A housing-rescue bubble

Congress risks the same mistake – giving home loans assuming prices are going up.

Congress hopes to pass a bill soon that aims to rescue enough at-risk homeowners to put a price floor under a collapsing housing market. In theory, everyone benefits. In practice, well, the rescue plan itself might end up needing a rescue, at taxpayers' expense.

Lawmakers say they justify putting federal money at risk during this housing recession because a high rate of foreclosures is leaving too many neighborhoods with abandoned and neglected houses – about 19 million – dragging down home prices for others, fostering crime, and eroding the economy.

Also, they say, the Federal Reserve put up risky money in March for an emergency bailout of creditors for Bear Stearns investment bank. If Wall Street's bacon can get saved, why not Main Street's?

While those points may well be grounds for federal action, the bill that is likely to pass could end up committing the same mistake careless lenders and borrowers did in inflating the housing bubble: It assumes prices will soon rise and that the new government-backed loans to be negotiated in coming months won't go belly up. The bill, in other words, sets up Uncle Sam to try and catch a falling dagger.

The heart of the measure would allow the Federal Housing Administration to insure up to $300 billion in new loans for at-risk borrowers, but only if lenders take a hit by volunteering to issue a new loan at 15 percent below the appraised value of the borrowers' homes.

Sure, borrowers would need to meet strict criteria and show they have the income and credit record to accept the new, lower-interest mortgages. And they must actually be living in the home, which shoos away many speculators. (Studies show a majority of the foreclosures so far involved financial misrepresentations by the borrower.)

But who can accurately appraise a home's worth in a market that has seen a 16 percent drop in prices nationally over the past year? Collateral in many houses is still fading like a Cheshire cat's grin. Congress is betting taxpayers' money on a price bottom that doesn't yet exist.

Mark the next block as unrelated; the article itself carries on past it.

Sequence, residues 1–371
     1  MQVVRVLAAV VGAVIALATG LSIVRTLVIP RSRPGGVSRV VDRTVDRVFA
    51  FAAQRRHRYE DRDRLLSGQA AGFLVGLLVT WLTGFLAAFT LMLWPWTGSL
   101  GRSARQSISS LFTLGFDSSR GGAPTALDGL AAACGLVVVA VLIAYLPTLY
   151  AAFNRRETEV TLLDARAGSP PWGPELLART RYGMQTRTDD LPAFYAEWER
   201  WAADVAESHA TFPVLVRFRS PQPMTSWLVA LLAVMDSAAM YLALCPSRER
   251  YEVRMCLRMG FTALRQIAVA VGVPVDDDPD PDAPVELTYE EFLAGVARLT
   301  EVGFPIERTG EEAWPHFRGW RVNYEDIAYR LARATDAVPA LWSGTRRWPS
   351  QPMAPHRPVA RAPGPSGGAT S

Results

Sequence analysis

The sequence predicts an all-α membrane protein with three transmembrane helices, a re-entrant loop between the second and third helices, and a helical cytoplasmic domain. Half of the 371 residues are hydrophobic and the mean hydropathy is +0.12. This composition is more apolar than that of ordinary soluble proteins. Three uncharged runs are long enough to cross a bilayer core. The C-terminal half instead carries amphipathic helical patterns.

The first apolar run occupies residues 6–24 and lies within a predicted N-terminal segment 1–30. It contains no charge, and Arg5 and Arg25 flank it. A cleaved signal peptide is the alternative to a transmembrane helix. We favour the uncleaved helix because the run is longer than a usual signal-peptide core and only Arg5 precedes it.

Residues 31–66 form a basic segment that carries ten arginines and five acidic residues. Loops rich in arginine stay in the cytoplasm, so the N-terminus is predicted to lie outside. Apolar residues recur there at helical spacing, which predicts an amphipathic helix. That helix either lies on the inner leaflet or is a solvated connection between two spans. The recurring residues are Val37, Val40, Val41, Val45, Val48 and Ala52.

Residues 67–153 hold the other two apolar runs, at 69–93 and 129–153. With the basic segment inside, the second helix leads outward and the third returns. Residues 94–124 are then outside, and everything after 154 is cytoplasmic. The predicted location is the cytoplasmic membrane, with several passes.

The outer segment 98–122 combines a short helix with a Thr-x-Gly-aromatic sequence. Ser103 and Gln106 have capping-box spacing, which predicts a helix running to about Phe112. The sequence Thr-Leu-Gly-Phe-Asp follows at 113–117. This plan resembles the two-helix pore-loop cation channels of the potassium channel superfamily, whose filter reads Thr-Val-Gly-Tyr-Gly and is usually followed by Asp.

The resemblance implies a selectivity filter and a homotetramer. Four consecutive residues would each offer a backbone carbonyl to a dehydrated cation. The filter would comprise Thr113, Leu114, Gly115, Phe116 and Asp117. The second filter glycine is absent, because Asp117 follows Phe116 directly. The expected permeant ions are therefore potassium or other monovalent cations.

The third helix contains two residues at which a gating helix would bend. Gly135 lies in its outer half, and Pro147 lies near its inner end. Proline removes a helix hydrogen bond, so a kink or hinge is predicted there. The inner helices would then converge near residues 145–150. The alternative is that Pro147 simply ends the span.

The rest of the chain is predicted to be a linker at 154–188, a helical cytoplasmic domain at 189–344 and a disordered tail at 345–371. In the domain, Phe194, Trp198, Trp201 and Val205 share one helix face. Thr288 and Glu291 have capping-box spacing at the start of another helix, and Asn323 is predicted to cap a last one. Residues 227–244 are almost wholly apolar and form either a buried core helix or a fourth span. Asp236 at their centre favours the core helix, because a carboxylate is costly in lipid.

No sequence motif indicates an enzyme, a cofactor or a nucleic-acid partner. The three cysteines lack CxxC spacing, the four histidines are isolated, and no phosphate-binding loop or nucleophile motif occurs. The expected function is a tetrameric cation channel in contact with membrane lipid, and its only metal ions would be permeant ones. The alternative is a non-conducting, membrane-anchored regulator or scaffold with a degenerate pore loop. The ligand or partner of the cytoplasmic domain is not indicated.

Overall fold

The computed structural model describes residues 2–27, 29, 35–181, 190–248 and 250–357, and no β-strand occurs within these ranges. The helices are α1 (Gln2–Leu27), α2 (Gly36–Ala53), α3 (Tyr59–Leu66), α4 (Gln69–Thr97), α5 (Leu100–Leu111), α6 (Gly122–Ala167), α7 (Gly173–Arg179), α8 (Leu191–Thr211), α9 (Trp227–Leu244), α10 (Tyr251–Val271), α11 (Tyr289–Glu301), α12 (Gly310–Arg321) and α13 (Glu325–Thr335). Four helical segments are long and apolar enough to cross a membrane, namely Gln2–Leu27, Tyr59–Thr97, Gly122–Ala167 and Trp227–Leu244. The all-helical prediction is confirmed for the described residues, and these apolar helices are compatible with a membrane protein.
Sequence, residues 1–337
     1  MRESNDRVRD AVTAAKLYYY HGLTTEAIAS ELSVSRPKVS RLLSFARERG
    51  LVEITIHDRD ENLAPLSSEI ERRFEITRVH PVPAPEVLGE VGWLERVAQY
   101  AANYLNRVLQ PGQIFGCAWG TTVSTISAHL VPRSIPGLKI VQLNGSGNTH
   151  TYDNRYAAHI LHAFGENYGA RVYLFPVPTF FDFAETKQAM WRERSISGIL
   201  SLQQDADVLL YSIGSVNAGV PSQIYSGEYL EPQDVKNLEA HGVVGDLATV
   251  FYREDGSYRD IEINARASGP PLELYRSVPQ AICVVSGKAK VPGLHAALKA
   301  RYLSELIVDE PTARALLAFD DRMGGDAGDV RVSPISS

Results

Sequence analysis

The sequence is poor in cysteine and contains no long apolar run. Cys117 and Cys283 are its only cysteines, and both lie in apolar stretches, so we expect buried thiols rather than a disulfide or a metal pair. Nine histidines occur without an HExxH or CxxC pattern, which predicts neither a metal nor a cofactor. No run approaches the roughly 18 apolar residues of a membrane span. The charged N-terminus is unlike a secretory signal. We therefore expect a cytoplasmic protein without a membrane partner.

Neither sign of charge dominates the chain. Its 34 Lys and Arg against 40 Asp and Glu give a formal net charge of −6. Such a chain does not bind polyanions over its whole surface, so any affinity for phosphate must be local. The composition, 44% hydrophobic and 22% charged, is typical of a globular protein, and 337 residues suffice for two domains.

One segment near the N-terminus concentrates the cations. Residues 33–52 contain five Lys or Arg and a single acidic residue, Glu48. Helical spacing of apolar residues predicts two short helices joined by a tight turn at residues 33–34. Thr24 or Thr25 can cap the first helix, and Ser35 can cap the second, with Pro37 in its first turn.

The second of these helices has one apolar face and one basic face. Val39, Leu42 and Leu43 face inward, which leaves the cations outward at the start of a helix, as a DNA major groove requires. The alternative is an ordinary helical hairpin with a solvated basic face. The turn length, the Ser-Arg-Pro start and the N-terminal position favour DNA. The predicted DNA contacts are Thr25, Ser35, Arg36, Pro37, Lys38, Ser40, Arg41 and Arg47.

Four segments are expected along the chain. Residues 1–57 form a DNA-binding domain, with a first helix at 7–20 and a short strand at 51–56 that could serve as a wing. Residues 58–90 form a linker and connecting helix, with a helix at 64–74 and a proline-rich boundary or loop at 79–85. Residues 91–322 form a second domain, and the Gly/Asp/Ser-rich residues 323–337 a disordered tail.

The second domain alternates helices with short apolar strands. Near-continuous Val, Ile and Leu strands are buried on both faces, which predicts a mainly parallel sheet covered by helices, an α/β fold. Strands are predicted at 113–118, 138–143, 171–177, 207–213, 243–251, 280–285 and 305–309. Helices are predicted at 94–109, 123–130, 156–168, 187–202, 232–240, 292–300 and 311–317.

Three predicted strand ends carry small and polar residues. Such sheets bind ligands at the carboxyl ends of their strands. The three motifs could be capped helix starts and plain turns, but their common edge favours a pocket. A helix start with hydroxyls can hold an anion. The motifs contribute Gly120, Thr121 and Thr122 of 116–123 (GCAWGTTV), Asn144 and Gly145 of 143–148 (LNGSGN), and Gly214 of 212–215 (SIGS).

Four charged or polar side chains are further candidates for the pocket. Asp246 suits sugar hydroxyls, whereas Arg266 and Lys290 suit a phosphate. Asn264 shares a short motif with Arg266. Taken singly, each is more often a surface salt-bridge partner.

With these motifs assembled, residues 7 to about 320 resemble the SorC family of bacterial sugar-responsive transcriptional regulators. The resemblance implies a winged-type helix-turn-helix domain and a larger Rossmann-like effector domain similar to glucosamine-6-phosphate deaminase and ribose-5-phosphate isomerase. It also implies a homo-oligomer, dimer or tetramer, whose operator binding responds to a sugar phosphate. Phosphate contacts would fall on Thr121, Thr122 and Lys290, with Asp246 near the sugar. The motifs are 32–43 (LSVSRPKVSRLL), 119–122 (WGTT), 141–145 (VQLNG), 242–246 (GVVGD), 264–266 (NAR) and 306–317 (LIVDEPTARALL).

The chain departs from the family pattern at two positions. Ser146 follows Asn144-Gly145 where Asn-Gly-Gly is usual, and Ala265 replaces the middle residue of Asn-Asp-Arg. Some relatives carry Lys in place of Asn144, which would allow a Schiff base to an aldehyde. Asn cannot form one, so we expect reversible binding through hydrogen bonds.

And what's to keep lenders from simply pushing the most risky borrowers into this program? Or borrowers from purposely missing loan payments to qualify for this government handout?

The Congressional Budget Office estimates that the FHA would issue 400,000 loans worth $68 billion, out of some 2.2 million borrowers now at risk. But about a third of those new loans would go bad, the CBO says.

Knowing that, Congress hopes to pay for those bad loans by imposing a fee on healthy borrowers who get loans backed by government-sponsored Fannie Mae and Freddie Mac. That may spare taxpayers for a while, but the money from the fees may reach only $700 million.

The bill's backers say the ultimate cost to taxpayers may be only $2.7 billion – chump change in Washington. But that assumes home prices start to climb soon.

The reality is that lawmakers want to look as if they're doing something about the housing crisis before an election and please the powerful lobbies for house-builders and real estate agents.

Lending money in a falling market is a fool's errand. Taxpayers should not be made the fool by this bill. Congress needs to start over.

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